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Libya Intervention Highlights Global Security Gaps

Monday, March 28, 2011

Last week it seemed like even the intervention of U.S., British and French airpower might not be enough to enable the Libyan rebellion to regain the momentum against Libyan government forces. Now it looks like the balance has shifted in the rebels' favor, if not yet decisively so. For me, as a supporter of the intervention, that makes this week an even better moment than last to emphasize that we should not be judging the wisdom of our involvement based on the latest isolated news accounts from the front, and that it is wildly premature to assess any ultimate outcomes. This could still turn out to be a very bad idea that has been very well-realized.

Now also seems like a good moment to articulate my conviction that, in the context of any broader strategic approach to the use of American military force, the opponents of this intervention were arguing the much stronger position. Not only were the risks they identified real, those risks might still materialize. I'm thinking particularly about the danger of a long-term post-conflict stabilization period, whether in a regime-change or a partition scenario. The question of whether whoever follows Gadhafi will be a net improvement also remains relevant. I'm still convinced, however, that those risks were and remain limited ones, that they were significantly outweighed by the many potential upsides of intervention, and that inaction carried risks as well.

Nevertheless, vigilance and not triumphalism is in order on the part of those who advocated for this intervention, and a broad dialogue should now be engaged across the policy spectrum to begin applying the many lessons we have learned about post-conflict stabilization over the past 10 years, in order to reach a politically stable endgame as quickly as possible, while also minimizing costs by diffusing them as broadly as possible.

Finally, while the Libya intervention should not set a normative precedent or serve as a model for multilateral military intervention, it does reveal a number of operational realities that constrain the range of alternatives currently on offer. To begin with, there is no operational alternative to the U.S. military -- or U.S. assets placed under NATO command -- when it comes to command and control of any significant multilateral coalition. Those in France who opposed reintegration into the NATO command on the grounds that it would prevent the EU from ultimately providing such an alternative, an argument I admittedly minimized at the time, have for the time being been proven correct.* There is still a "long way home" for EU defense to become a functional alternative, through reinforced cooperation under the Lisbon Treaty between France, Britain and Poland. But the duplication necessary for that to happen is cost-prohibitive in the current budgetary climate, and for now, no combination of European capabilities could replace what we've seen in the limited operation in Libya.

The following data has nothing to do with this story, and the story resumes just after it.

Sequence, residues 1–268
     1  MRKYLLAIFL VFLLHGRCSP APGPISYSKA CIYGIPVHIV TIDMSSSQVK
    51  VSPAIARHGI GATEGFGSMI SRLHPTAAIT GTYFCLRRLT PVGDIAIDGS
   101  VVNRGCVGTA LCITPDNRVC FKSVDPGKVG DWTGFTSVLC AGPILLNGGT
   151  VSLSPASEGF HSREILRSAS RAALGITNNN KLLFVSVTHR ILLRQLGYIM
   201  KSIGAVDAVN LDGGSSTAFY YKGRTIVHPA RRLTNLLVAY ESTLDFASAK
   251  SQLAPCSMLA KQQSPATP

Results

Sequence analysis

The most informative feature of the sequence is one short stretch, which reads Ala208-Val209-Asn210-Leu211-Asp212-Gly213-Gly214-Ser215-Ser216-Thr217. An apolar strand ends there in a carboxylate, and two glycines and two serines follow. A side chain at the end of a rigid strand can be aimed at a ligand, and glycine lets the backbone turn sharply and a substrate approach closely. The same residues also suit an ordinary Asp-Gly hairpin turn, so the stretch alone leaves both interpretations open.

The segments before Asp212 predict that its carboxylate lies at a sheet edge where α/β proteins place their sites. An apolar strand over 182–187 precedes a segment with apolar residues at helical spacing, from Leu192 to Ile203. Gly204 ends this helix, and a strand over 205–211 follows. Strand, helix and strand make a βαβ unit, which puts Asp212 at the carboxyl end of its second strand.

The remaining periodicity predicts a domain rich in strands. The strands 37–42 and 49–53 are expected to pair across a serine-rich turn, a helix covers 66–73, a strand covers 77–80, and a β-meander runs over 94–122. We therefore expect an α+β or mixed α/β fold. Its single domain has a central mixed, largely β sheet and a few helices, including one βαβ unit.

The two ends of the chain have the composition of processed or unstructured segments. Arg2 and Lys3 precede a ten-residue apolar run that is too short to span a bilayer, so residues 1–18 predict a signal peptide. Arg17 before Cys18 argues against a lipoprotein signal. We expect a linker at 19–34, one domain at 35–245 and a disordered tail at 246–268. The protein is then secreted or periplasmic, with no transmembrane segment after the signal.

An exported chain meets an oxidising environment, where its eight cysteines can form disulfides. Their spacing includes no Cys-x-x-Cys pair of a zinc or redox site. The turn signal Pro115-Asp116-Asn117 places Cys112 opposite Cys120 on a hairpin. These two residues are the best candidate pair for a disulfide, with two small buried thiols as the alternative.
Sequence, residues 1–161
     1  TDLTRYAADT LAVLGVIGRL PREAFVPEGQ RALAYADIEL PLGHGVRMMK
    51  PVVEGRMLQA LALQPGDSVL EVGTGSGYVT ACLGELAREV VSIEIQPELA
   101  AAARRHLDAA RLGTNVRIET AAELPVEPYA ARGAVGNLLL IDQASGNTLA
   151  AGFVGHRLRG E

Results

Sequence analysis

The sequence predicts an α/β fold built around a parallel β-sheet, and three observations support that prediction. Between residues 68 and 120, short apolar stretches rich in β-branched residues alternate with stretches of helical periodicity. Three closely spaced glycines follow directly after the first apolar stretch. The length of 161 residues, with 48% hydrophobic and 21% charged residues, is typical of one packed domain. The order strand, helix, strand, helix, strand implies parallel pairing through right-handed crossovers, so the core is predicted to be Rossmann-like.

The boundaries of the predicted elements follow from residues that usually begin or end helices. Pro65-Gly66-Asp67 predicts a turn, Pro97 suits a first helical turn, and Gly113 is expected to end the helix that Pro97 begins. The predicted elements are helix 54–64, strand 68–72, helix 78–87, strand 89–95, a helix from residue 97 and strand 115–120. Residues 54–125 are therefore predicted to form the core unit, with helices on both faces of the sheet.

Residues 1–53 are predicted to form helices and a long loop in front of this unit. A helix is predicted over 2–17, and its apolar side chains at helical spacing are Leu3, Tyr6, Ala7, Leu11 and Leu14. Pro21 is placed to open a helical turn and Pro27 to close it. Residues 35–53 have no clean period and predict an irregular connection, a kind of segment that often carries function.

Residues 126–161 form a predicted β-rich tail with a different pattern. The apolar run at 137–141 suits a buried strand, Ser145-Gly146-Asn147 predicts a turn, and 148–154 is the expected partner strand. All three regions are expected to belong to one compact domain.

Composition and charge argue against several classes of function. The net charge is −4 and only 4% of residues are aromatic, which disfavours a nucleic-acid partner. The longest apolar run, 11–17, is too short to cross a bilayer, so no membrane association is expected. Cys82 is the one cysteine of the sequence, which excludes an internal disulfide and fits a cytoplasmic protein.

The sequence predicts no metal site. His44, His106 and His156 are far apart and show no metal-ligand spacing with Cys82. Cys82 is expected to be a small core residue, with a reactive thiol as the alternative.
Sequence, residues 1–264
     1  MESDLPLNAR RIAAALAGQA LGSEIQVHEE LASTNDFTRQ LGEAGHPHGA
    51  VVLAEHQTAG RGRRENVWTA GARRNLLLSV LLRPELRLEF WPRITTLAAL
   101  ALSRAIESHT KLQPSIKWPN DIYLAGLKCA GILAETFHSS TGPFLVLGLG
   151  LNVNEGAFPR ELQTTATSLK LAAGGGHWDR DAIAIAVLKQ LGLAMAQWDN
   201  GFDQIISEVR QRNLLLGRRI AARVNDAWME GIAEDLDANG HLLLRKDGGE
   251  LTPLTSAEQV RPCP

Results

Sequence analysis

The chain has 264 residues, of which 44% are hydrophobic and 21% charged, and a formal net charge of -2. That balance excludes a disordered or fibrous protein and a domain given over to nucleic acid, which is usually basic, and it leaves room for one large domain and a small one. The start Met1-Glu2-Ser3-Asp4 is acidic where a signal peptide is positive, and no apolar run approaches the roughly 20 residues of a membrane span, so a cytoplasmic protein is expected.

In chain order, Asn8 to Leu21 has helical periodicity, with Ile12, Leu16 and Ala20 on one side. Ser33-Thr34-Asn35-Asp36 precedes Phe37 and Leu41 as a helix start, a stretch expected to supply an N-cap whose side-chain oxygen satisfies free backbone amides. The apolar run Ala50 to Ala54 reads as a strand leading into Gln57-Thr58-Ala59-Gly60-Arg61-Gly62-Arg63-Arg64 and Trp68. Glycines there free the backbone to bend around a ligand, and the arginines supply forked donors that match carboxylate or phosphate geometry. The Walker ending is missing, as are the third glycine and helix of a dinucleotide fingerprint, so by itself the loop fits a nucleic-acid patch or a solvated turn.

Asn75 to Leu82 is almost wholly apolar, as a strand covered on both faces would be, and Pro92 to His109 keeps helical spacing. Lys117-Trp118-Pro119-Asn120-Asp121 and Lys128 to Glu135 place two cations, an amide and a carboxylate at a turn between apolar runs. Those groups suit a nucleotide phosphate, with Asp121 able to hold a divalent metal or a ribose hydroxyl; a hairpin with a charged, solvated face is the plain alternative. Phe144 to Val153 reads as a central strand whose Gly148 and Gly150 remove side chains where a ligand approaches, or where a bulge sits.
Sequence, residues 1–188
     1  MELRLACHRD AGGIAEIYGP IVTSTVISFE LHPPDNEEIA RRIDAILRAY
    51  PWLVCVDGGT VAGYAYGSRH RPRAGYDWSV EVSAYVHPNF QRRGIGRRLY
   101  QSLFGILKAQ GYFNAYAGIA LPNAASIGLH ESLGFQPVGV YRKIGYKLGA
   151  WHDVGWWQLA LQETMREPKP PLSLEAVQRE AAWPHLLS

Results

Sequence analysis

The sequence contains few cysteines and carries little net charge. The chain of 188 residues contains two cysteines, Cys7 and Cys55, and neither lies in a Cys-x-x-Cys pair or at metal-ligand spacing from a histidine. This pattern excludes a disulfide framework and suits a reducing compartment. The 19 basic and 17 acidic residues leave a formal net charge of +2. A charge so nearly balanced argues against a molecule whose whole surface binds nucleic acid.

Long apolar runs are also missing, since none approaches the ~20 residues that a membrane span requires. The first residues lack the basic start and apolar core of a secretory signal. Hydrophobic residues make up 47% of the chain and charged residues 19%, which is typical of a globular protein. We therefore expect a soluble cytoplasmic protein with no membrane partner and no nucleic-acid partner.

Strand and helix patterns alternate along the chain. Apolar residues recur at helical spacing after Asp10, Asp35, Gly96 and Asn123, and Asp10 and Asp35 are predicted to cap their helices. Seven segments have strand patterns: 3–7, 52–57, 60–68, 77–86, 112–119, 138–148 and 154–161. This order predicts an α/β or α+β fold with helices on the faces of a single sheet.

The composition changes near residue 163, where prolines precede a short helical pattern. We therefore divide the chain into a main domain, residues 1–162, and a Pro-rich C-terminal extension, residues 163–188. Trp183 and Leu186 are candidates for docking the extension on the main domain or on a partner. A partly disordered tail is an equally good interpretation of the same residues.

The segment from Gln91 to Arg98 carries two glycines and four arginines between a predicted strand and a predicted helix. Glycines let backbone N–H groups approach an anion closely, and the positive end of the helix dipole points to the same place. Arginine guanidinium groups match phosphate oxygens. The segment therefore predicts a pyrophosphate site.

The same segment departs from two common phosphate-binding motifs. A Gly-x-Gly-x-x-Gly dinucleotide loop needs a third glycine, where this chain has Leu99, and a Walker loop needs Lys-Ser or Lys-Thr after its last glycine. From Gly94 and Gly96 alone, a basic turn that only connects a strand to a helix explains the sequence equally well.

The need that NATO fills with regard to coordinated trans-Atlantic politico-military action highlights a further gap that Thomas P.M. Barnett has identified with regard to China, but that needs to be addressed more generally: namely, the absence of an operational structure that is politically broad enough to integrate not only the traditional trans-Atlantic alliance, but also emerging powers. China, India and Brazil chose to sit this one out, in part due to their commitment to nonintervention. But as attractive as that doctrine might be in the aftermath of failed interventions like Iraq and Afghanistan, it will prove less rewarding in the event of a successful Libyan intervention, with all the public diplomacy payoffs that will provide for the intervening powers.

Eventually a time will come or a particular case will arrive where the emerging powers will decide they just can't stay on the sidelines of a U.N.-mandated multilateral coalition. It's easier to imagine that time arriving sooner, rather than later, for India and Brazil. And because both are democracies, it's easier to imagine that coalition being easily manageable, and conceivably placed under NATO command. China is a different story and probably a much bigger prize in terms of the cash and assets it could provide. So creating an operational structure in which Beijing can, in fact, participate will make it all the more likely that China will begin to shoulder its fair share of the global security burden as America's ability to do so declines.

For now, the idea of such a semi-permanent global security apparatus is political kryptonite, as much in Beijing as in Washington. But the constraints and challenges of the Libya intervention, on both the operational and political level, suggest that it will be necessary for creating a successor regime to the global order underwritten exclusively by American security guarantees.

*This post was revised to clarify the counterargument to France's NATO reintegration.